Grant, The Kind Poppy: This industry is completely saturated and you can easily get lost. We’ve worked incredibly hard to build up a brand reputation with a strong emphasis on customer relationships.
Ventured: How does your company stand out from competitors?
Debora Pokallus, Bel Essence, a Philadelphia-based natural and organic skincare company: I first developed skincare for myself because I was not happy with any of the products available. After constant requests from people to buy what I was using on my skin, I started the business. We stand out because we make products that don’t just work, they offer a permanent change to the skin.
Power, MASAMI: We are very heavy users of social and digital channels: Instagram, Facebook, YouTube, Pinterest, Twitter. We also leverage podcasts and influencers to get traction.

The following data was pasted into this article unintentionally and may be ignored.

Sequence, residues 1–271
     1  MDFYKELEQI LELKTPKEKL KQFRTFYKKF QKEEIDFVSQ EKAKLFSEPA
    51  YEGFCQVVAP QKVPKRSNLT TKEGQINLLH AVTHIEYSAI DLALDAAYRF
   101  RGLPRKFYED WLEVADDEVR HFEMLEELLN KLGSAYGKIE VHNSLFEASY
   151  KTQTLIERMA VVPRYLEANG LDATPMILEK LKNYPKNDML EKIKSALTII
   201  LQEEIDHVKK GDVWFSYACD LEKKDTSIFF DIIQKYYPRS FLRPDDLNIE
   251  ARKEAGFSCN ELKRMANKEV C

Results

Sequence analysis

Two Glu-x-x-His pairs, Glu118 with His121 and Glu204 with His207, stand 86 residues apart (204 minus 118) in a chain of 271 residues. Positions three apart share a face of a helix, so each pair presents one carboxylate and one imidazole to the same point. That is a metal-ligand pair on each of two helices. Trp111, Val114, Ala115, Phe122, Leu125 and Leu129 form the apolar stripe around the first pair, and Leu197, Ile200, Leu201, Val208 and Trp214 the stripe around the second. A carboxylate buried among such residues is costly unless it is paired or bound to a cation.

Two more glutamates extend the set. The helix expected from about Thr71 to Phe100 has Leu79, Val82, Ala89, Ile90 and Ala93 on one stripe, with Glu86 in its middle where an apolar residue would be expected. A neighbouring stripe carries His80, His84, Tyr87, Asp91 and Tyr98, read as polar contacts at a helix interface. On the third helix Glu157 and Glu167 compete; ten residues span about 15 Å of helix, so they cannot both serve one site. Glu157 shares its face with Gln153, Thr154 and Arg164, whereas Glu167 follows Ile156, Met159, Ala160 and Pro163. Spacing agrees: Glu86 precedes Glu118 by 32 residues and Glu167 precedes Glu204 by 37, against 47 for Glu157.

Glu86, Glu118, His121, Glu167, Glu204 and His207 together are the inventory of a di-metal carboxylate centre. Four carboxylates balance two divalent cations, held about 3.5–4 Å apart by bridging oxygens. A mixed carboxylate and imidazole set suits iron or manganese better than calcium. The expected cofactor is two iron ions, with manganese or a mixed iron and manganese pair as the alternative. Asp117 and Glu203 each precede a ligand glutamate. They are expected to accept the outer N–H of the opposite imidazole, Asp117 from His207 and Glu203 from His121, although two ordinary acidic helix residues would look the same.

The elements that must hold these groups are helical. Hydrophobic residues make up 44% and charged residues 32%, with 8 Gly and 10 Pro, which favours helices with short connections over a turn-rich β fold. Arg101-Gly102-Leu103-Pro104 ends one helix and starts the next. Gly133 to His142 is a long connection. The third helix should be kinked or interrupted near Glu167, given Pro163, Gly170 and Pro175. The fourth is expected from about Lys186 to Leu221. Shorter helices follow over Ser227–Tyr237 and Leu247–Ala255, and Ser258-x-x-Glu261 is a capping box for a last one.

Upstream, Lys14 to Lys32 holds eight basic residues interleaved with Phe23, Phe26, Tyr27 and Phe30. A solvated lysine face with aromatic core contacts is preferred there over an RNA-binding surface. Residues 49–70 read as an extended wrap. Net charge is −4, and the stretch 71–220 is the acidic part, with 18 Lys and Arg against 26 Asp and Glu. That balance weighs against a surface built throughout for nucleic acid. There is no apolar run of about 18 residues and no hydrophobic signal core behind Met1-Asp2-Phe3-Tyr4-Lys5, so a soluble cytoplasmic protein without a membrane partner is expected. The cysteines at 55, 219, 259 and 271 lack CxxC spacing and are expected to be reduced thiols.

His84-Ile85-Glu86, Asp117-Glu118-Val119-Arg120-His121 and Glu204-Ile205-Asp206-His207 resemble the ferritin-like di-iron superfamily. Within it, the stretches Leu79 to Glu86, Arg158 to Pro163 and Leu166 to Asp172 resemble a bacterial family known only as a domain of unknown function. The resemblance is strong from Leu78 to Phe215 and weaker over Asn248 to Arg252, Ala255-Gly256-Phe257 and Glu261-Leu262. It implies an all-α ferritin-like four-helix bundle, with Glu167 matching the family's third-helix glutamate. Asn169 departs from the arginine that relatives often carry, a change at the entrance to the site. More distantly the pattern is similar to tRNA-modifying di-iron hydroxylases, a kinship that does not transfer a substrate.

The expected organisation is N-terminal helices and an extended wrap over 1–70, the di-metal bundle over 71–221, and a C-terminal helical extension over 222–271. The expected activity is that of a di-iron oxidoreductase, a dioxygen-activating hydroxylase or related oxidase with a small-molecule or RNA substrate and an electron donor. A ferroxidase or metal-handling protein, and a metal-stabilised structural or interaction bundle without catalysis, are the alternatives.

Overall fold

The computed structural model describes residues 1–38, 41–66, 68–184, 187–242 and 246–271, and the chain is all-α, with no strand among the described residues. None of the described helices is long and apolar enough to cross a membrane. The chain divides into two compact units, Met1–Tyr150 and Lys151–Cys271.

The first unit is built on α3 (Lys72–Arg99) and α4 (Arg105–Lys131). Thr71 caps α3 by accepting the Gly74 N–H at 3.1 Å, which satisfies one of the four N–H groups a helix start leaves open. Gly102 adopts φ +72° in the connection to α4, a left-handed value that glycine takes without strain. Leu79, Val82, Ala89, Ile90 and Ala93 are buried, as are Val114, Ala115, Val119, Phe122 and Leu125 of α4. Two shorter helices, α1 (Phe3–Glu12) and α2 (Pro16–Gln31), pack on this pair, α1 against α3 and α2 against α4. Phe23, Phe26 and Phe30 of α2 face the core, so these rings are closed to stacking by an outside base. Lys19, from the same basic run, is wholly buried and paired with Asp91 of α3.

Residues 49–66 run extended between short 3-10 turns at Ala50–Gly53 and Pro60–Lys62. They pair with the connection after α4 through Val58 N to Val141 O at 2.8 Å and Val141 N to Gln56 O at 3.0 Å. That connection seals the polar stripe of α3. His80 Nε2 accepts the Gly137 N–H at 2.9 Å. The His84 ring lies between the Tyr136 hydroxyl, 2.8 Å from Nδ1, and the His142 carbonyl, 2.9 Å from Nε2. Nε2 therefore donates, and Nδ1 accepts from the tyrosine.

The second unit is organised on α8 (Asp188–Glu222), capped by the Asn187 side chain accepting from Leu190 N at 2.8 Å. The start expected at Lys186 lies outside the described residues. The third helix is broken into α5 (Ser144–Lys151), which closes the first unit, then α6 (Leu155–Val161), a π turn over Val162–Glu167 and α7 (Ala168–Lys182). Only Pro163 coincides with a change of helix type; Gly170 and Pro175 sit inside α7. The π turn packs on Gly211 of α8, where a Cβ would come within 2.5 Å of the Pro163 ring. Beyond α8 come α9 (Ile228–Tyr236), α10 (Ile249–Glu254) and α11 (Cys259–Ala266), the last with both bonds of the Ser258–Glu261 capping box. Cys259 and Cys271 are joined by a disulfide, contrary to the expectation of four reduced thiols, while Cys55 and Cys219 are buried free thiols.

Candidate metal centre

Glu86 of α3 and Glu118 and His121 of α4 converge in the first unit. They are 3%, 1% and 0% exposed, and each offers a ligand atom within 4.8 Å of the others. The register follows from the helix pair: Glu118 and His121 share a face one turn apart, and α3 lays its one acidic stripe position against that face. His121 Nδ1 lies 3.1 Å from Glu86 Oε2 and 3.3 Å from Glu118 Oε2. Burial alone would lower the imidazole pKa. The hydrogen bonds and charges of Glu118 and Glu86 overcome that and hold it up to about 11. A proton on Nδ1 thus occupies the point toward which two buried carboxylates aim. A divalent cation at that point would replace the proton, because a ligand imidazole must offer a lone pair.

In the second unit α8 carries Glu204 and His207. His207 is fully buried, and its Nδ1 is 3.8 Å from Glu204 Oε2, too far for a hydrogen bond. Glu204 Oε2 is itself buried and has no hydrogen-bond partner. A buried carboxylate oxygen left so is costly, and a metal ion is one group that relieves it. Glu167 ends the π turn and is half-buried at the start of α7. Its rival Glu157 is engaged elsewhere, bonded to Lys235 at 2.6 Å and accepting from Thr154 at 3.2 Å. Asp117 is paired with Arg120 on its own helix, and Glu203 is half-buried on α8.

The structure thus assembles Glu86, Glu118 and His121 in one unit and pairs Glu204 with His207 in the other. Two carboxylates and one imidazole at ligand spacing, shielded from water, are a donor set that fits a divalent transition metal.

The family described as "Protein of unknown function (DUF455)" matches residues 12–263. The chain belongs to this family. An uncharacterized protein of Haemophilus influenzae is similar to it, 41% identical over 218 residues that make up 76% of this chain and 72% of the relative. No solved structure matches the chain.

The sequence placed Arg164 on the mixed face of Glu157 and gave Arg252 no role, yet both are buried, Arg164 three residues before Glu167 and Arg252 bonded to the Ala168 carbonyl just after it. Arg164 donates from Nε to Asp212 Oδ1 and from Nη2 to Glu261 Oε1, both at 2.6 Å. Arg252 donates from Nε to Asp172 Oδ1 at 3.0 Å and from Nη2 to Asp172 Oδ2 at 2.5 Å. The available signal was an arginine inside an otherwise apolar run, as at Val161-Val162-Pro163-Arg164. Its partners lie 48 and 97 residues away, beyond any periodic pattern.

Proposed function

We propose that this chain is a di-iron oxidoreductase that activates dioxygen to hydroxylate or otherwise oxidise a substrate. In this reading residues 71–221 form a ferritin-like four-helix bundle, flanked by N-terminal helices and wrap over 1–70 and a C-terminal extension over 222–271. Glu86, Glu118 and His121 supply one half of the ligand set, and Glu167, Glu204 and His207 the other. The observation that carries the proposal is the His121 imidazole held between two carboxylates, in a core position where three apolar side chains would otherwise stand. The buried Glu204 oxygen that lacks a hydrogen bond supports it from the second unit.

Jensen, Sanara Skincare: Our brand story, mission, ingredients, and products all stand out from competitors. We are speaking to a community that historically has not been spoken to, however, I am finding many non-Latinos are resonating with our story as well.
Ganesan, booni doon: In addition to being vegan and cruelty-free, we take pride in our innovative approach to go beyond industry standards when it comes to sustainability.
Ventured: What lofty goals do you have for your business?
Grant, The Kind Poppy: I’m a small-town girl with a lofty dream to have a Kind Poppy store in every major city around the world. We give a portion of monthly sales back into charity. My goal is to donate a million dollars to various charities throughout the next 10 years.
Nead, Shave.net: Our goal is not to have high-flying success like the likes of DollarShaveClub, but more to provide a service that truly impacts the beauty industry in a positive way by providing products that people love at a price that they love more. All the while keeping more garbage out of landfills.